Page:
UNICODE SUPPORT IN APPLICATIONS??????

I want to support different languages for my application, I would like to know what is the best way to do it.

1. How is it possible to support the Resource files.

2. What are the efforts to be put into giving this option.

3. How much more coding effort has to be taken into consideration.

I want an application which has to have all Japanese Text ( meaningful to people of Japan ) when it runs in Japan and when it is back to the a particular country , it has to change its resources.

Hoping for some real good explanations.
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nv3prasadAsked:
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chensuCommented:
Developing International Software For Windows 95 and Windows NT
http://msdn.microsoft.com/isapi/msdnlib.idc?theURL=/library/books/devintl/s24aa.htm
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mikeblasCommented:
Just mark each resource with the language it represents. Then, you can have it automatically resolved at runtime by the OS.

See the LANGLOAD.ZIP sample at http://www.nwlink.com/~mikeblas/samples/ for a simple example. (Some day, all of my samples will move to http://www.mooseboy.com/ )

If you code your app for Unicode, there's really little else to worry about--except for testing.

..B ekiM
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nv3prasadAuthor Commented:
It is difficult if I want to support 100! languages, can you suggest me something better.
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mikeblasCommented:
Windows directly provides nothing better.

If you want, you can make a DLL that holds each language and write your code to load resources from the DLL instead of directly from your *.EXE image.

To me, that seems harder--though, at runtime, it's probably more efficient. What, specifically, do you find "difficult"? If I can't tell why you think my suggestion is flawed, I'm ill-equipped to offer a remedy more suitable to you.

..B ekiM
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azamiCommented:
There is no one easy answer, but there are several resources (magazine articles etc) that can help.  MS Developer Library has several very good ones.

Generally, you need to do three things:

1 - separate user interface, especially strings, COMPLETELY from your code.  This is easy to do on a new project if you are diligent, but can be quite heinous if you're converting legacy code.

2 - Use generic text representations in code, so that you have no dependencies on whether code is ASCII, UNICODE, or MBCS.  The Windows APIs (actually, header macros) let you do this; look for the t- versions of string functions.  Also, MFC CString is completely compatible and hides all of this from you - very handy.  As with 1, these are easy to do in new code, but absolutely no fun to retrofit onto legacy code.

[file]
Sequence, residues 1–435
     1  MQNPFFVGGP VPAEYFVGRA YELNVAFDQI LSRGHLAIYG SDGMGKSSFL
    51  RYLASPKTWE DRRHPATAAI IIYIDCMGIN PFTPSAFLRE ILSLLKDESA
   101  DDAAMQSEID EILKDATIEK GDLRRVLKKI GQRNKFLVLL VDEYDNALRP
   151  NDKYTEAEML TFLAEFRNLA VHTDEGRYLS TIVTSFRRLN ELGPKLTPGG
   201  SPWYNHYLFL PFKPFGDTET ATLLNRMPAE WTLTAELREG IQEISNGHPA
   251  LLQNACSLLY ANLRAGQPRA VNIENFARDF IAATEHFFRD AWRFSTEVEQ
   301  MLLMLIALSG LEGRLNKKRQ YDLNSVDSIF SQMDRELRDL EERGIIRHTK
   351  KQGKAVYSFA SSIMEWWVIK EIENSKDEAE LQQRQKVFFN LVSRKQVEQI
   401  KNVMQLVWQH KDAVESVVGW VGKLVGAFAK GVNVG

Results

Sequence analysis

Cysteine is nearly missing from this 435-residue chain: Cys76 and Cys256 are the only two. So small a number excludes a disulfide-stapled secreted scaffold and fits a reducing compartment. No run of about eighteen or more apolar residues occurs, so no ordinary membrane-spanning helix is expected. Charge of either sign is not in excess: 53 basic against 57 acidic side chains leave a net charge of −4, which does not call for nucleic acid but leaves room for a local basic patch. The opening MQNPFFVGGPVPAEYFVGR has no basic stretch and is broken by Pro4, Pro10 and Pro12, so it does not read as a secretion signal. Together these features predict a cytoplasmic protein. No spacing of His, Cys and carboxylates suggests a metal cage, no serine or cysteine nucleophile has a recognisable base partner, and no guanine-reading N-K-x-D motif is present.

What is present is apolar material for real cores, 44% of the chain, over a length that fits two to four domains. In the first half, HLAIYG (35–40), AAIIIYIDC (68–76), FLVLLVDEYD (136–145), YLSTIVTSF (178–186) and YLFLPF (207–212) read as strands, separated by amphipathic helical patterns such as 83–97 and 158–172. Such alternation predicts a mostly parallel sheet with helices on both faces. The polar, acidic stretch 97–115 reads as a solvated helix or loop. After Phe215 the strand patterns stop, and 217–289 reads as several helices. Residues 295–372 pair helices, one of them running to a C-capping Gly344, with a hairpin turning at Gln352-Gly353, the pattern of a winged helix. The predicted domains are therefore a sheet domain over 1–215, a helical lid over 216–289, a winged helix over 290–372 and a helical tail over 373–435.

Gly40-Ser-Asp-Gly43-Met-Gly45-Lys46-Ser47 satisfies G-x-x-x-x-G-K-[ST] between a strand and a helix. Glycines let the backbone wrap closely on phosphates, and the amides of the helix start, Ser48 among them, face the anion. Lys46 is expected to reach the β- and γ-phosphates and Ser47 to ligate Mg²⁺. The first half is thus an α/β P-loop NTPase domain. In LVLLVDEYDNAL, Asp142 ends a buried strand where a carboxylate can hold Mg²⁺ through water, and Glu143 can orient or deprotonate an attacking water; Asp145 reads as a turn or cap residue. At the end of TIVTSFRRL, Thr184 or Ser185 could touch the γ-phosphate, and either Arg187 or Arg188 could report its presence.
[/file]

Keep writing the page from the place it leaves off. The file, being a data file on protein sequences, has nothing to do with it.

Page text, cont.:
3 - Now you just need to provide the different user interfaces (in a manner consistent with how you achieved part 1, above), and the mechanisms for switching between them.

Putting different language resources in DLLs, as described by mikeblas, is a fairly common way of doing this; at run time you can load resources from any DLL.  Whoever is doing the translation just needs to produce a DLL with the right resources and resource IDs.

More "modern" is using Microsoft's Message Compiler to compile your message strings into binary resources.  This is fairly complex, I've used them and I'm not even completely sure I know how it all works.  There are some API functions to automatically get and format these strings, based on locale (which can be passed by the caller, or gotten from the user's OS preferences).  The big advantage I can see to this is that you can integrate with the operating system, so that you are "automatically" in the user's preferred language without any additional configuration for your program.  In a multi-user multi-lingual environment, this is very helpful.

If you're having trouble finding help or MS Dev Library articles about the message compiler, look for how to use the NT event log, and possibly NT Services - that was the direction I found it.

I apologize for being so vague about references, but I don't have a development environment in front of me so that's all I can do.  If you have trouble finding the info, let me know and I will see if I can find more concrete references.

Good luck!
-Matthew
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mikeblasCommented:
No real need to use the message compiler, as string tables can achieve the same result. Message table strings are loadable without intializing the exeutable image they're stored in, and that can be a benefit. They're also a little more efficient than string resources.

..B ekiM
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nv3prasadAuthor Commented:
Okay Mike, I am going to give you the points, since you showed me some light at the end of the tunnel. submit this as your answer.

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mikeblasCommented:
Swell.

..B ekiM
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